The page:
by Adam Kronberger / Superintendent
Early one morning before the sun came up, I was attempting to complete my morning devotions while my 8-year old son was attempting to complete his own reading. Out of the blue he asked me, “Dad, did Samuel really only see his parents once a year after being dropped off at the temple when he was six?” He must have been somewhere between the judges and the kings in his “Jesus Calling” Bible Storybook. After I answered his question, we continued our dialogue. I eventually asked him a question, “How would you like it if I dropped you off at church so you could live there permanently?” My son cocked his head slightly, paused, and then replied, “Sure, as long as I could have all the the food in the church kitchen!”
I am often reminded that my children’s thinking process somehow always seems to run through their stomach. Their physical comfort and wants drives many of their spontaneous decisions. As I reflected on this developmental phenomenon, God quickly brought to my mind my own tendency to be led by temporal desires. Perhaps my favorite time of the day is when I wake early in the morning and place myself in a familiar chair with a familiar cup of coffee, and I spend time with my good, good Father. My best friend and wife Chauntel joins me as well (after I have provided her with a sweet cup of coffee).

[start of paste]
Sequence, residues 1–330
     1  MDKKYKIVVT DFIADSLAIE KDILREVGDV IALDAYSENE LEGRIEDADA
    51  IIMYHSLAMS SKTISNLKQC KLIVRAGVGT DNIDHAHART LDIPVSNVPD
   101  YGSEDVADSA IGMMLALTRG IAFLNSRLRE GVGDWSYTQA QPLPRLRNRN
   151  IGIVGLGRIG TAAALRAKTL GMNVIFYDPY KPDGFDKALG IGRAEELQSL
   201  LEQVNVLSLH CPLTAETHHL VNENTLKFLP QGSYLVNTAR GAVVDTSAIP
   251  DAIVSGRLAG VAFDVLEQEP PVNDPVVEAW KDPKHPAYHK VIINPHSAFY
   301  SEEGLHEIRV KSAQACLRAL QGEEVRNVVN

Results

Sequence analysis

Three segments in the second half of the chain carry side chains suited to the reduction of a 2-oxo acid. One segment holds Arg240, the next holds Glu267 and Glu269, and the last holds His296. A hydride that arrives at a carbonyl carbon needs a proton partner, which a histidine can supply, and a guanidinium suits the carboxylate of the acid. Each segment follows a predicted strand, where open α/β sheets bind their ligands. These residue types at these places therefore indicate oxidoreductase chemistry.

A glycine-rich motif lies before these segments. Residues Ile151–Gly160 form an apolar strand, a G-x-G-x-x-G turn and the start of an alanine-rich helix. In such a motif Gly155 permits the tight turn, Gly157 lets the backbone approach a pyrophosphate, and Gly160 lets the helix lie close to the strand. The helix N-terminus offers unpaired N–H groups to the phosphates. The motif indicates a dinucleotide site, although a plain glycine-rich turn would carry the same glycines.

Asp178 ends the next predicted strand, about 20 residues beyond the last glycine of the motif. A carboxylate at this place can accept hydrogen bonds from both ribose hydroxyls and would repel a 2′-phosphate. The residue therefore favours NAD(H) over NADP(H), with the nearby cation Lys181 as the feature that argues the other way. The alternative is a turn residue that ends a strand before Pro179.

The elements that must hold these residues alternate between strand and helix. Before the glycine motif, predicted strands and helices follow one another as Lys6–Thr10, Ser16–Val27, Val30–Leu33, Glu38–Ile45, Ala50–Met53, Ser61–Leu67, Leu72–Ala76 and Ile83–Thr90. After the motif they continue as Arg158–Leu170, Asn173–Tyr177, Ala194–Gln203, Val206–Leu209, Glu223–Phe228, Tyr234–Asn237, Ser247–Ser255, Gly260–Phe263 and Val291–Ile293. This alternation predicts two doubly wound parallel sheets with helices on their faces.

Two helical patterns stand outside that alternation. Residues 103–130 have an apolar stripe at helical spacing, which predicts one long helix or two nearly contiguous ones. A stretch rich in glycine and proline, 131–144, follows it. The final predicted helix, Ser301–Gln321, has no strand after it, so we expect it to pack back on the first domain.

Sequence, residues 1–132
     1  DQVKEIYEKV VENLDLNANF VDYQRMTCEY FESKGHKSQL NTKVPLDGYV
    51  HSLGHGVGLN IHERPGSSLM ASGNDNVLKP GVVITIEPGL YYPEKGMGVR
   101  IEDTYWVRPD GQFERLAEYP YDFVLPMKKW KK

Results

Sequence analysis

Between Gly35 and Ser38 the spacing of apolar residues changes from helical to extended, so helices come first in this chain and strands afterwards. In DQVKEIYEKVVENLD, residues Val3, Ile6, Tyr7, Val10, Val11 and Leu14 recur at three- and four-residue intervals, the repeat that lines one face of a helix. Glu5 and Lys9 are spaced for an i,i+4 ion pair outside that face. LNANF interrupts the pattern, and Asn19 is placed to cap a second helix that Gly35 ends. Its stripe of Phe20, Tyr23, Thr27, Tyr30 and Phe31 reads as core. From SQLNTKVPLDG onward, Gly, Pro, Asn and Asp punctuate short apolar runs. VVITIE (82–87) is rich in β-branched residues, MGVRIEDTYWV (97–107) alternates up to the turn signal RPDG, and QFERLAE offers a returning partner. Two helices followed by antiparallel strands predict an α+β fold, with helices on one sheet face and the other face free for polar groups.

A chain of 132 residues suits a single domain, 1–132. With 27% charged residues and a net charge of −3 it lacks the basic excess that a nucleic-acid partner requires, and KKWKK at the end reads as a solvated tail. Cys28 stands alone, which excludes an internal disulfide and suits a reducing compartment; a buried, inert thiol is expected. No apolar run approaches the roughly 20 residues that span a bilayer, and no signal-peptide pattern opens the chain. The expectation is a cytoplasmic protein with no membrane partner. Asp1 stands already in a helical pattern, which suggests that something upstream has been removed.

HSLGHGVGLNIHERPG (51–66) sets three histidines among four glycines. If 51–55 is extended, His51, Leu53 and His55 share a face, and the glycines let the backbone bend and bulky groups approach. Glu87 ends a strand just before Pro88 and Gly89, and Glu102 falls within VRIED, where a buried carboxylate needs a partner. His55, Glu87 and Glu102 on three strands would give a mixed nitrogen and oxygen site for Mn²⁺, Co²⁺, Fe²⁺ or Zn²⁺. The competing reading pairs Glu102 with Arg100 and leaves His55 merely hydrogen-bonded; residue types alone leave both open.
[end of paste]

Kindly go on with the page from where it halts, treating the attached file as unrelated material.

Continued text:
Recently, my children have interrupted our special time in the morning. It’s like they can somehow sense the light is on in the living room, and they soon magically appear. Most kids don’t want to go to bed early, but our children don’t want to get out of bed late. Regardless, my special “quiet time” with the Lord has been interrupted by the pitter patter of feet, the chomping of dry cereal, and constant questions from my children reading their Bibles. Here’s how my subsequent conversation has gone with God:
“Lord God, please give me the patience to endure the hardship of my children ruining my quiet time each morning.”
“Really, Adam. That’s what you want to pray about. You are angry that your own children are choosing to imitate the very disciplined behavior you hold so dear?”
“But God, how can I survive without completing my morning quiet time.”
“Well Adam, the very fact that you are choosing to have this conversation with me indicates we know each other well. Including them in your mornings will only draw you and I closer. I will give you the grace to do both.”
Boy do I have a lot to learn! I am so thankful how God chooses to live with us through intimate relationship as we seek him out every day. May our children hear and see the value we put on spending time with God, as we disciple a generation of Samuels!
– Adam Kronberger / Superintendent